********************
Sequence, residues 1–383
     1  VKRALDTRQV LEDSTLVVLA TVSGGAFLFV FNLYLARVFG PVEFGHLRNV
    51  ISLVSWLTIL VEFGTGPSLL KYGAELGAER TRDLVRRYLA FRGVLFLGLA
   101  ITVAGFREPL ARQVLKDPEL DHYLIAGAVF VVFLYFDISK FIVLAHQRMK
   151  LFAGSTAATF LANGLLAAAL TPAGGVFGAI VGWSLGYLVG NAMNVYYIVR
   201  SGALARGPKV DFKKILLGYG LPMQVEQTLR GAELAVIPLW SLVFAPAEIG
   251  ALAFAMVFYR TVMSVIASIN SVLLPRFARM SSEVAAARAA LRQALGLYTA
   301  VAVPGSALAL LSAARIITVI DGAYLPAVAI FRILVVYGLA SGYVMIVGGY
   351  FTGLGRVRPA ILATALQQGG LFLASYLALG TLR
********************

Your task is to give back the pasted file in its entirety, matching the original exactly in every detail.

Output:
Sequence, residues 1–383
     1  VKRALDTRQV LEDSTLVVLA TVSGGAFLFV FNLYLARVFG PVEFGHLRNV
    51  ISLVSWLTIL VEFGTGPSLL KYGAELGAER TRDLVRRYLA FRGVLFLGLA
   101  ITVAGFREPL ARQVLKDPEL DHYLIAGAVF VVFLYFDISK FIVLAHQRMK
   151  LFAGSTAATF LANGLLAAAL TPAGGVFGAI VGWSLGYLVG NAMNVYYIVR
   201  SGALARGPKV DFKKILLGYG LPMQVEQTLR GAELAVIPLW SLVFAPAEIG
   251  ALAFAMVFYR TVMSVIASIN SVLLPRFARM SSEVAAARAA LRQALGLYTA
   301  VAVPGSALAL LSAARIITVI DGAYLPAVAI FRILVVYGLA SGYVMIVGGY
   351  FTGLGRVRPA ILATALQQGG LFLASYLALG TLR